The details are complicated, but certain facts stand out.
The patient was unable to make decisions for herself, but devoted family members — two of whom were medically qualified — visited her daily. Doctors had written on the patient’s notes that the issue of her discharge was not to be discussed with them, however. The final act of the drama was her transfer to a nursing home without the family’s knowledge, let alone agreement, where she died shortly afterward.
This judgment sets a new precedent in English law, and I hope that it will not only enable patients and their families to get legal redress, but also begin to change the culture of those institutions themselves. The ruling may (up to now) be unique, but the situation certainly is not. Indeed, it so happens that I have myself very recently had firsthand experience of the attitude of Britain’s National Health Service (NHS) in a similar case, the difference being that we won our battle to get a loved one discharged.
I had the opportunity, in a meeting that will be forever seared on my memory, to probe, along with other family members, exactly what is going on in the minds of these hospital managers.
“So,” they seemed to be saying, “we accept that it is very probable that the patient’s condition will improve if she goes home, with care from family members supplemented by regular medically-qualified support, support which will not cost the NHS a penny. We further accept that her prolonged stay in the hospital is having bad effects on her condition in both physical and psychological ways. And yet, we don’t want her to go home, because … because we’d like her to have improved in some of the ways which we acknowledge that we are making her worse, before allowing her to go home, where we acknowledge she will improve in these very same ways.”
There was an element here of box-ticking insanity, the kind of thing that can happen when badly written bureaucratic protocols discourage the use of common sense. However, there was more to it than that. The managers had convinced themselves that they knew best, and their purpose in having this meeting was, in fact, to explain to us why we were mistaken. It pained them to let go of the power they had over the patient; power, of course, they intended for good, but power all the same.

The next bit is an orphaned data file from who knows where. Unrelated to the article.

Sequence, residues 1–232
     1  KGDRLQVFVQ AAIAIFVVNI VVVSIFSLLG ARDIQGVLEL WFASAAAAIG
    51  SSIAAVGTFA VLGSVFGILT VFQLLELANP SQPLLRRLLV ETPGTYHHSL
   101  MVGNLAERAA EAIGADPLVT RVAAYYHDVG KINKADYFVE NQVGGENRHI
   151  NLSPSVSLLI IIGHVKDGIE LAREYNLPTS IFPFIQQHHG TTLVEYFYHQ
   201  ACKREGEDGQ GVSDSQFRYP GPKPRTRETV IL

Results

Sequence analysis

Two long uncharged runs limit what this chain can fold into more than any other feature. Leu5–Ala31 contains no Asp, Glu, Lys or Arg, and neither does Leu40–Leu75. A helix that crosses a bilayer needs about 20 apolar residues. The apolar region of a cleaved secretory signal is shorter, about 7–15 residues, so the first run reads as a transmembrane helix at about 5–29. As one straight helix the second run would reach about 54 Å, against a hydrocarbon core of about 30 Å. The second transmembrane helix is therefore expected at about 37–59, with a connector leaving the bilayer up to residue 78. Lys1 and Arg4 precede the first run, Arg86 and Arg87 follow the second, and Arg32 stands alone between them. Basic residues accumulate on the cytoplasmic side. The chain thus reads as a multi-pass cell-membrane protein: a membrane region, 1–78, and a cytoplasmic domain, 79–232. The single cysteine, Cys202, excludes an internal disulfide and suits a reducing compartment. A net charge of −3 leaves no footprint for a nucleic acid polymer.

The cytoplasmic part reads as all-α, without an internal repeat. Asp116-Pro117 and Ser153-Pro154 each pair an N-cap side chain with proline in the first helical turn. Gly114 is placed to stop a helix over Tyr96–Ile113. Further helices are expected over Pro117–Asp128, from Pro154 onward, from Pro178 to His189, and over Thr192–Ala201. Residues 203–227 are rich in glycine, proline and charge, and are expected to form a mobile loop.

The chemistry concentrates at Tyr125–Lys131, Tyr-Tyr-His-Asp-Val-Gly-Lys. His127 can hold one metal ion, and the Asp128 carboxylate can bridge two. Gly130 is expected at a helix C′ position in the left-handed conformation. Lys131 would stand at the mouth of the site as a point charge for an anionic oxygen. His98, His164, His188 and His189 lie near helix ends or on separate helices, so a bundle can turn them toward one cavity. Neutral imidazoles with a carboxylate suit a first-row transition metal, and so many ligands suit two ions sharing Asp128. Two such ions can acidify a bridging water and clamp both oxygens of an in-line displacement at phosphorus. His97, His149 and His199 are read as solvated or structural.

The combination of this attitude with an ever-increasing acceptance of active and passive euthanasia leads to a very dangerous situation.
It reminded me of the debate over the origins of the National Health Service after the Second World War. Up until then, there was a distinction between charitable hospitals and municipal (local government) hospitals. Catholics gave self-sacrificially to Catholic charitable hospitals, usually run by nursing sisters, because they had a very different spirit from the municipal ones. A Scottish bishop remarked when a Catholic hospital in his diocese was in financial straits during the war that if were taken over by the state he hoped it would not “become one of those heartless places.” Catholics came up with the money and it was saved.
The establishment of the NHS involved the state takeover of the vast majority of these charitable hospitals, a great many of which were then closed in the name of efficiency. The mastermind of the plan was Labour Party politician Aneurin Bevan. He referred to the popular perception of charitable hospitals, which were often small, when he remarked in 1946:
I would rather be kept alive in the efficient if cold altruism of a large hospital than expire in a gush of warm sympathy in a small one.
It is something of an irony that today the National Health Service is a byword for inefficiency (with a high rate of absenteeism), but is widely appreciated for its warm sympathy, at least at the level of day-to-day care. It is the decision-makers in this vast institution’s chaotic hierarchy who come in for criticism. It would seem that they have inherited the heartlessness of their municipal predecessors but lost the efficiency.
Any large organization is prone to the tendency of coming to exist for the sake its employees, or at least those of them who achieve a certain seniority, rather than its owners or clients. Where these employees have great power over clients, this is a particularly troubling situation. As Britain leaves behind a culture informed by the Christian spirit, even a legal system newly prepared to challenge the abuses of the National Health Service will be hard put to ensure that the real interests of patients — and the desires of their families — are given their proper weight.